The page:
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Religious Ferocity in the Black Community

  • Darkspark

Picture the vibrant scenes of Black churches, where worshippers dress in their finest attire and sit in an atmosphere notably different from other religious settings. Enthusiastic cries of “amen” and other affirmations, coupled with joyful dancing and jumping, make the Black church environment distinctive. But dig a little deeper into Christian history, and you’ll find repeated atrocities committed by white Christians in the name of God against Black people. Yet, in the face of Christian-endorsed historical horrors, Black communities are more devoted to God than others. Why does Christianity serve as a beacon of hope and inspiration for those it has rejected for so long?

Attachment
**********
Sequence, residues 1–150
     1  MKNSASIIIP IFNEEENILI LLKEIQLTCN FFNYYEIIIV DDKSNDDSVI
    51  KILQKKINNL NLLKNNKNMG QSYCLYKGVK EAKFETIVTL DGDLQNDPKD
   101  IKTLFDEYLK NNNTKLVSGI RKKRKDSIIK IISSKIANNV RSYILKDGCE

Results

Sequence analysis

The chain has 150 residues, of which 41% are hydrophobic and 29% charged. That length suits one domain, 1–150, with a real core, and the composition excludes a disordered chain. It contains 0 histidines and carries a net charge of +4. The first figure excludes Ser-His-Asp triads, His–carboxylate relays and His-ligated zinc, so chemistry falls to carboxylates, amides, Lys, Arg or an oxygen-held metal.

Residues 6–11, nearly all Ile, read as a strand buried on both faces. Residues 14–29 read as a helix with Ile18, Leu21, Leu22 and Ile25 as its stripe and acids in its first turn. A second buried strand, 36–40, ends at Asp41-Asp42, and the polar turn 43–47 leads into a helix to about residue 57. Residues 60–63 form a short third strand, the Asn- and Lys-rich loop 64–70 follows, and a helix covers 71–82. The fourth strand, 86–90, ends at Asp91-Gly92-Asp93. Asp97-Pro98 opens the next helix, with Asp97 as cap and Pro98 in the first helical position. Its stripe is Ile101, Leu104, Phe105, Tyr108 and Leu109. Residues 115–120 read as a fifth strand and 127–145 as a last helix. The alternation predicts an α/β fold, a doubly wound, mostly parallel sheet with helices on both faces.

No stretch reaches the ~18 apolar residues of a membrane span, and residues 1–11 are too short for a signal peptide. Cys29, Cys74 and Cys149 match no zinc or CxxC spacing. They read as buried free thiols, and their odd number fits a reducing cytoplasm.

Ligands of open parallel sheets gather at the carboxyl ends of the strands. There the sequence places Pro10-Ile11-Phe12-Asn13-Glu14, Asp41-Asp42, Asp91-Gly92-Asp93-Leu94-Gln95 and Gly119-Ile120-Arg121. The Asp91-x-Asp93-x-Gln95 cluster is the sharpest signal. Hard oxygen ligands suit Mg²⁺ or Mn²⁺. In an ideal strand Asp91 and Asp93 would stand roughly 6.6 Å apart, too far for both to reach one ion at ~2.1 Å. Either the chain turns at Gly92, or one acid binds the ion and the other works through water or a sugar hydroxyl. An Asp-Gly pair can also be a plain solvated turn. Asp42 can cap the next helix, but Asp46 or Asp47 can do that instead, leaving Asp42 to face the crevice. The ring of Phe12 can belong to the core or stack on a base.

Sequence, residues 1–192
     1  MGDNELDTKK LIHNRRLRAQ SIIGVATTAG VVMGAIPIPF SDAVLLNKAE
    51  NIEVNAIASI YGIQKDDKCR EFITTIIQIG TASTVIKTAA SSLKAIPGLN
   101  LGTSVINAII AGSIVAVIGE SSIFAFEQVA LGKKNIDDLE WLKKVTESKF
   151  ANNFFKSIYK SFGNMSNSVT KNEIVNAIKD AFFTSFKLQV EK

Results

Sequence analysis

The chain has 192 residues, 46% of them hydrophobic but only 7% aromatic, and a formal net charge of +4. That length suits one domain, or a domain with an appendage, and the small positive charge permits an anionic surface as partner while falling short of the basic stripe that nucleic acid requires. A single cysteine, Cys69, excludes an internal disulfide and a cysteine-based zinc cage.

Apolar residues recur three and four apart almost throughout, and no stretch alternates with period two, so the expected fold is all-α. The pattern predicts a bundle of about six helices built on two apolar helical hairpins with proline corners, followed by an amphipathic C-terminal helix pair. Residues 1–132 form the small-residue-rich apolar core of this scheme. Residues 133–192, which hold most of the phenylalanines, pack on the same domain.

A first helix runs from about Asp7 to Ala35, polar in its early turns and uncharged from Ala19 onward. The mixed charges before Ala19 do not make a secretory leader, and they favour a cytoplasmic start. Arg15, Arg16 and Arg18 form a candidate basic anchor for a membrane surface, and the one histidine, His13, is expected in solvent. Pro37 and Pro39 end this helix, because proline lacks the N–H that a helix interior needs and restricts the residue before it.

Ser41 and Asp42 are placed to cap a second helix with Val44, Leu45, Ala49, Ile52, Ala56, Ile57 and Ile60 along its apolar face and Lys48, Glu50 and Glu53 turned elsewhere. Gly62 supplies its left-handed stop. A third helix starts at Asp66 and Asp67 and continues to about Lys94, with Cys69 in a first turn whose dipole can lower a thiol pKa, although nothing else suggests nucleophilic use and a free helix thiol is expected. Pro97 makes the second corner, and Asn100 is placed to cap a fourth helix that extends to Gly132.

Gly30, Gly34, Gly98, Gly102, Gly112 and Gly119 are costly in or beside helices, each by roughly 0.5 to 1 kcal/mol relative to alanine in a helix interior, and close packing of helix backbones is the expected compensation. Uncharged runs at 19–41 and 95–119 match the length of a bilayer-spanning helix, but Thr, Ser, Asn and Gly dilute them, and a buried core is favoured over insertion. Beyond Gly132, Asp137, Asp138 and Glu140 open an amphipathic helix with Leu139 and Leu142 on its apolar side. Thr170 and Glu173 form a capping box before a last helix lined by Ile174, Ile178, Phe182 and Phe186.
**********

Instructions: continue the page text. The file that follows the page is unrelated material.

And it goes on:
The numbers don’t lie

Is the Black community really more religious than others, or is this perception driven by media portrayals and skewed samples? According to the Pew Research Centre’s 2021 report, Black Americans are, in fact, more religious than the American public as a whole. The notable presence of Black churchgoers and gospel followers is not an illusion. Not only are the individuals attending these churches predominately Black but so are the churches they frequent. About 60% of adults who attend religious services say they attend those where“most or all of the other attendees, as well as the senior clergy, are also Black.” It’s fair to say the Black identity is not only strong but important in these settings. But the Black Christian identity wasn’t always so potent or willful.